September 16 was a joyous day when the clergy and 140 parishioners of the former Anglican Cathedral of the Incarnation in Orlando were received into the Catholic Church.
Bishop John Noonan and Monsignor Jeffrey Steenson, head of the Houston-based Personal Ordinariate of the Chair of St. Peter, confirmed (or, if previously Catholic, received back into the Catholic Church) parishioners of what is now Incarnation Catholic Church. Incarnation is the first Anglican community in Florida to become Catholic as part of the Ordinariate.
Equivalent to a diocese, though national in scope, the Ordinariate was established by Pope Benedict XVI earlier this year in response to repeated requests from former Anglican groups and clergy seeking to become Catholic as a group, while retaining elements of the Anglican heritage and liturgy.
A former Episcopal bishop of Rio Grande, N.M., Monsignor Steenson was ordained a Catholic priest in 2009, and is now a full voting member of the U.S. Conference of Catholic Bishops. Monsignor Steenson and his wife, Debra, have three grown children and a grandson. Because he is married, he will not be ordained a bishop.
“In much joy and gratitude, Bishop Noonan and I are privileged to witness your courageous decision to come into full communion with the Catholic Church today,” Monsignor Steenson said. “I can’t tell you what a joy that means to me, and I hope each of you making this journey will find this joy of being Catholic yourself. This is the culmination of your ecclesial journey over the years to know and embrace the truth as Christ revealed to us.”
At present, 22 former Anglican or Episcopal priests and 20 communities have been received into the Catholic Church through the Ordinariate. There are three Ordinariates in the world: the United States and Canada, the United Kingdom and Australia.
“We rejoice with the people of the Incarnation Church for their faithfulness. We pray for them on this holy day that they may live steadfast to the Lord’s covenant,” Bishop Noonan noted.
Louis Campese, a former Anglican bishop at the cathedral, returned to the Catholic Church as a lay person. He had left the Catholic faith at age 25. “This is such an emotional day for me,” Campese said. “It is all about Jesus’ prayer to his Father in John 17:21, where he said the Church should be one so the world will know that God sent him. That has been in my heart. There is just no question when you feel that pull from the Holy Spirit to do whatever you can to make the Church one. I cannot believe this is happening in my lifetime.” Campese will serve as the administrator of the church until a pastor is named.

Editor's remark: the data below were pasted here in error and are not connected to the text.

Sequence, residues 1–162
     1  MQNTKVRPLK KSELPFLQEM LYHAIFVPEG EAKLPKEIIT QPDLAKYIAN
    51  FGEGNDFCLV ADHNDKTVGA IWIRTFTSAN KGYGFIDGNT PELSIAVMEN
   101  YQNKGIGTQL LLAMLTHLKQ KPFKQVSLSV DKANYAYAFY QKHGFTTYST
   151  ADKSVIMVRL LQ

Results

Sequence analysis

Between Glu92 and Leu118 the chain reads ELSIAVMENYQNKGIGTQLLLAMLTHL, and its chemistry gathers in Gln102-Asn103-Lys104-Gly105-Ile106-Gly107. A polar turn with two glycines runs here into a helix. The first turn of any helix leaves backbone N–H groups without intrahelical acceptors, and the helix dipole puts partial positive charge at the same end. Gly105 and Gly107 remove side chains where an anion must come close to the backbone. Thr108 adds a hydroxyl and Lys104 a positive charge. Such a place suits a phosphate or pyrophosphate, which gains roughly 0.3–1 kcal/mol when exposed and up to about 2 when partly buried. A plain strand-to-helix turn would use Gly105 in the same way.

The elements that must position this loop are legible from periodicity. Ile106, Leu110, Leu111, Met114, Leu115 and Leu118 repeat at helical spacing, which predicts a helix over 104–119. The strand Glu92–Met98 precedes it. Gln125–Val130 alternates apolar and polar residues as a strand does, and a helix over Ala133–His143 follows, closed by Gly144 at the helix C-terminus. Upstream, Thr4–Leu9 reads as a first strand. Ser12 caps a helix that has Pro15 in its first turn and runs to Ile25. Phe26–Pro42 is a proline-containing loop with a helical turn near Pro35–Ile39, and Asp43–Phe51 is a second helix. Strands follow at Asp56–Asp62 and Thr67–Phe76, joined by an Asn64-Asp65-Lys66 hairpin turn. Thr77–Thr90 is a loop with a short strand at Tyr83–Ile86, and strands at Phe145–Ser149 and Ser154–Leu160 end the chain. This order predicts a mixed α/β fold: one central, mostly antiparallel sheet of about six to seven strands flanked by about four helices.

Pope Benedict XVI established the Ordinariate of the Chair of St. Peter on Jan. 1, 2012. In the Apostolic Constitution “Anglicanorun Coetibu,” Pope Benedict XVI said, “The Church, a people gathered into the unity of the Father, the Son and the Holy Spirit, was instituted by our Lord Jesus Christ, as ‘a sacrament — a sign and instrument, that is, of communion with God and of unity among all people.’”
Although located within the geographic area of the Diocese of Orlando, Incarnation is part of the national Ordinariate of the Chair of St. Peter. Like other non-Catholics, the members of Incarnation were required to prepare to be received into the Church.
Anglican clergy seeking to be ordained a Catholic priest have to first complete an extensive process, including background checks, an endorsement by the local Ordinary, in this case Bishop Noonan, approval by the head of the Ordinariate and Vatican, and completion of an approved formation program. Monsignor Steenson told the congregation that William Holiday, who was an Anglican priest, was expected to be ordained a Catholic priest soon and would serve as pastor of Incarnation. In the meantime, Father Joseph Roberts, a retired Catholic priest from Our Lady of the Lakes Parish in Deltona, will provide priestly services.
Monsignor Steenson told the congregation that like Peter in Sunday’s Gospel, Mark 8:27-35, they had to have the courage of heart and the strength to step out and receive God’s gift of faith. Peter, he said, took a risk for the one that he loved in declaring Jesus as the Messiah when others called him John the Baptist, Elijah and a prophet. In response, Jesus gave Peter the keys to the kingdom of heaven and made Peter the rock upon which he built his Church. At that moment, Monsignor Steenson said, the Catholic Church was constituted and Peter made its leader.
“That is part of our story today as we have come to full communion with the Catholic Church,” he said. “Christ desired that Peter and his successors would be the Church and a symbol of Catholic unity for all Christian people. And so in obedience and faith, after 477 years since Henry VIII threw the pope (Clement) out of England, we are home.”
• Will Catholics be able to fully participate in Catholic activities at this church? Roman Catholics can participate in any activities at the Incarnation Church
• Can a Latin-Rite Catholics join this church? No, but also this is a Latin-Rite church so the question more would be can a member of a regular diocesan parish join? The short answer is, in most cases, no. Anglicanorum coetibus says members of the Ordinariate must originally have belonged to an Anglican Church or have received the Sacraments of Initiation within the jurisdiction of the Ordinariate. While lifelong Catholics are welcome to attend Masses in an ordinariate parish, they would be members of a regular diocese and diocesan parish. (An exception is made for close family where one member was Anglican.)
• It may be confusing to read “former bishop” and then no title for Louis Campese. Does he have absolutely no title whatsoever? What liturgical standing, if any, does he have? He is no longer a member of the clergy. He is a lay Catholic. It would be helpful to say former Anglican bishop to be clear he never was a bishop in the Catholic Church.